9' circle and trying to get that moved is out of the question!
Thanks,
Vic
 

Tachigi

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Tom, Im confused

Welcome to the club Andy :D

Yes work it in the ground and root prune it. I said it in my first paragraph but probably should of repeated it. BY doing this there is less stress on the tree and when finished you get a nice tight root mass that is ready for a pot.
 

johng

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Hey Vic,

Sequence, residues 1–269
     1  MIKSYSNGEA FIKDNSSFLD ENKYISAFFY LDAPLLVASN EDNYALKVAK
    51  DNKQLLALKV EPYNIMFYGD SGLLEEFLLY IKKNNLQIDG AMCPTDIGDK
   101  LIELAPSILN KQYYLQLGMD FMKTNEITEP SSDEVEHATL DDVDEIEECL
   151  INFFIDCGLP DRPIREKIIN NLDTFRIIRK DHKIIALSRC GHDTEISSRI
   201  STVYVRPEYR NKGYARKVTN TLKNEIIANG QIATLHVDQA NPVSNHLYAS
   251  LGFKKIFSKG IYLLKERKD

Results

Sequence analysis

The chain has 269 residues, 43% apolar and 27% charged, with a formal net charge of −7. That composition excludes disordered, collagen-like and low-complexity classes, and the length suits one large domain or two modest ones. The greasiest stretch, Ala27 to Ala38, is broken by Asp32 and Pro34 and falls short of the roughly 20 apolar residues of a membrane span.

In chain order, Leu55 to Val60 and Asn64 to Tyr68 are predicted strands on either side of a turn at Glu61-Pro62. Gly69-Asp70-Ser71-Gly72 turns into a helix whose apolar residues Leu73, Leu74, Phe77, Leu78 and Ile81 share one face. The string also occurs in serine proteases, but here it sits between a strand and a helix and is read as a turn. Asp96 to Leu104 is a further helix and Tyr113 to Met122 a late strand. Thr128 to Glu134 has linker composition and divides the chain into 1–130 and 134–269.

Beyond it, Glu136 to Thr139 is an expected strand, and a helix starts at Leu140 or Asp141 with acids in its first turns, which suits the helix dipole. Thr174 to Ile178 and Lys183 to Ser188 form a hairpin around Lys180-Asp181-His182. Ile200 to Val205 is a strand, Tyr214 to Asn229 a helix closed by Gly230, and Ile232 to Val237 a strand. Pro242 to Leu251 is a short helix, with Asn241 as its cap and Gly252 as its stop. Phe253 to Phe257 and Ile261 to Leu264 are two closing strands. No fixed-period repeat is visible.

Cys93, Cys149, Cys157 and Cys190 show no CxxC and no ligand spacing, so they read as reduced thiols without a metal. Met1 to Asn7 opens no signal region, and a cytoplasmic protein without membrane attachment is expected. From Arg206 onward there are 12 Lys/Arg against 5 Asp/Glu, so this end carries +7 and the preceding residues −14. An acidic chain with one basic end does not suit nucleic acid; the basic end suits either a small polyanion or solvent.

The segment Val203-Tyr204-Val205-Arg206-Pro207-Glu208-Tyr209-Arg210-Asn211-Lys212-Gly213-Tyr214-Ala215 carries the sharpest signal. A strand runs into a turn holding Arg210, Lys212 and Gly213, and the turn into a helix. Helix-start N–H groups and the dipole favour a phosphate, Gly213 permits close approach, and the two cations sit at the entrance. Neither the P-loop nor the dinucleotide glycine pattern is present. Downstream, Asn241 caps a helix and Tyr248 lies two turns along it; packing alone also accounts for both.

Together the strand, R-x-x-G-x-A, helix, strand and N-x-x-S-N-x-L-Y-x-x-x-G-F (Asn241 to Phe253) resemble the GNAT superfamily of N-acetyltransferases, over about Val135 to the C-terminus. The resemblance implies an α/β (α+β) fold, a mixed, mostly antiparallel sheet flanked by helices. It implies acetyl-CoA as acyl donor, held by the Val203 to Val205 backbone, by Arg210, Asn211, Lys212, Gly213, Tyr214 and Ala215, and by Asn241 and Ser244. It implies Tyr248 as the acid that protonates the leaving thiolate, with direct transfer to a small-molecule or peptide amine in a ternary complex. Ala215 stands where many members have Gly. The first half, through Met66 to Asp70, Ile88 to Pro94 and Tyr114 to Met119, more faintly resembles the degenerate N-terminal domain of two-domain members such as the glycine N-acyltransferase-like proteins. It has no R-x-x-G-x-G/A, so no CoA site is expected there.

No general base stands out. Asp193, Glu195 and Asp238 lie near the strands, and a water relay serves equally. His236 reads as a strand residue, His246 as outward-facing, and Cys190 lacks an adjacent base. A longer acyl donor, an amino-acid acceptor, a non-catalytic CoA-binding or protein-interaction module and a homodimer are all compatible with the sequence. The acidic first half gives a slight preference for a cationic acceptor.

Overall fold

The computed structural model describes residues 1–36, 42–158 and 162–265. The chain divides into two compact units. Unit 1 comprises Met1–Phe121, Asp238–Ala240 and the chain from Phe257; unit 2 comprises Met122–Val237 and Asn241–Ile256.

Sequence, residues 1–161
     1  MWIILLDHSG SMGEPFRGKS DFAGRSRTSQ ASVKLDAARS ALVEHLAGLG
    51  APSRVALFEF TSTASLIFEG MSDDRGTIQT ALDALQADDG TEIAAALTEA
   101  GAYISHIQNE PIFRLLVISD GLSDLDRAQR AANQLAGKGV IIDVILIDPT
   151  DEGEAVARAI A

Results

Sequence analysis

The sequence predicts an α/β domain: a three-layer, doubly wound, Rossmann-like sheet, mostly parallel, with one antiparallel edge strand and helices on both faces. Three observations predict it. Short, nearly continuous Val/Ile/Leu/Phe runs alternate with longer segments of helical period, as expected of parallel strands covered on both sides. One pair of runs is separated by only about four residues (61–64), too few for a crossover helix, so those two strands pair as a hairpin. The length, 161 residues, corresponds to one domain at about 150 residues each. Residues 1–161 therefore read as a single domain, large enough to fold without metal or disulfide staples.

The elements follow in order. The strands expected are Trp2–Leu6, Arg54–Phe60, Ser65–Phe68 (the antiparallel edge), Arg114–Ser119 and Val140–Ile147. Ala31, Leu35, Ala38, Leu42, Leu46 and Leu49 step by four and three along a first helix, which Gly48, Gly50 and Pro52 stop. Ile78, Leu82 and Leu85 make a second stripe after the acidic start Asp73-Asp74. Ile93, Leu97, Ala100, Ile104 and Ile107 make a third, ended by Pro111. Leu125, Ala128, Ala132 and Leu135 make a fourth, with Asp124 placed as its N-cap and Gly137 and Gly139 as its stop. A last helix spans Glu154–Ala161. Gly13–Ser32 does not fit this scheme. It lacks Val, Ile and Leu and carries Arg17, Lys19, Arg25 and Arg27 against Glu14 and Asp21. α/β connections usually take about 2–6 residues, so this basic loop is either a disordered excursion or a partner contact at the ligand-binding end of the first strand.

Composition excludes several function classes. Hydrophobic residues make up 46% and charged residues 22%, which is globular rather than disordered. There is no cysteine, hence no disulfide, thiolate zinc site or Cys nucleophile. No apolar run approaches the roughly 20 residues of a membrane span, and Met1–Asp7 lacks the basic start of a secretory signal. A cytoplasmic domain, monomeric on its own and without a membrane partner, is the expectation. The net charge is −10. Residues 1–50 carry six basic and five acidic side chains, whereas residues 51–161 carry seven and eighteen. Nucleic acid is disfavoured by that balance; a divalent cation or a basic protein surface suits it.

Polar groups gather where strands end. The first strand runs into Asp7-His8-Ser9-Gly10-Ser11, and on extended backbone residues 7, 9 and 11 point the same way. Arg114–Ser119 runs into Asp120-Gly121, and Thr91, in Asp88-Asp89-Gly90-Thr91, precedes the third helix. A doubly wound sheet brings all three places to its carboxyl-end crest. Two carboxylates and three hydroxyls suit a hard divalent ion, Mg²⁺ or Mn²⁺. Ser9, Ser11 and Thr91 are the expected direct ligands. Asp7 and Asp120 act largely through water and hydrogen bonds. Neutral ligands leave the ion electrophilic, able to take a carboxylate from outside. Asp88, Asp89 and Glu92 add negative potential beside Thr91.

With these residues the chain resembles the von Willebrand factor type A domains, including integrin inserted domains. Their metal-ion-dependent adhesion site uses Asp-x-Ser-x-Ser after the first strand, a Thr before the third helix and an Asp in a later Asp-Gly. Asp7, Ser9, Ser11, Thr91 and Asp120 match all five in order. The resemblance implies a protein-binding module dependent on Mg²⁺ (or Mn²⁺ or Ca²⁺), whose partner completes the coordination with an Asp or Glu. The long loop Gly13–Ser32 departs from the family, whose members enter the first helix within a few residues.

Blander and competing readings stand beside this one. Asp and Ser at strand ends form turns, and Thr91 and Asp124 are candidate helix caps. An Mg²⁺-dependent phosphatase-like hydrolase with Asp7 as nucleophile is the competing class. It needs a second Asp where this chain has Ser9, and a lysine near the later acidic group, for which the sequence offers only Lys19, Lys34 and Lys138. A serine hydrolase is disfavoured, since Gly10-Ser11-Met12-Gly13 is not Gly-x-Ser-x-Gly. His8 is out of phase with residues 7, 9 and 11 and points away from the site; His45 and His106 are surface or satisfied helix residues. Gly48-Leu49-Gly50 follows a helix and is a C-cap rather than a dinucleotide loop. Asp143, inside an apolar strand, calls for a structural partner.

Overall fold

I have collected many BC but all from the wild. I tend to disagree with some of the advice given. I am not sure where you are located but in South Carolina BC are vigorous and hardy. I collect by basically sawing the tree out of the ground. The wood is very soft and tends to split when pounded with a dull shovel. A good friend taught me the benefits of using a sharpened flat blade shovel. The benfits in terms of reduced root damage are well worth the 20 minute of filing. Anyhow, I use a long bladed folding hand saw and cut a circle around the trunk. There is no reason to make major roots cuts more than once so make your intial cut close enought to the trunk so that the tree will eventually fit in a bonsai pot. For small to medium size trees this is usually enough to allow you to bend the tree over and with a little digging get to and cut any roots that grow down. If you make your first circle and the tree still feels very solid in the ground cut another circle about 8-12" wider than the first. Then use the sharpened shovel to create a mote around the tree. At this point try to bend the trunk over so that you can cut the tap root. Cut from one side...then bend the tree the opposite way and cut from the other. Should pop right out of the ground... It usually helps to have two people for larger trees. Once the tree is out I always recut any damaged roots and once again remove any large roots that would prevent the tree from fitting into a bonsai pot. I always completely bare root BC during the collection process. Once you have place your newly collected tree in a large nursery container or box, cover the root spread with at least a couple inches of soil for the first year. I usually will allow the containers to sit in shallow trays of water for the first couple of months.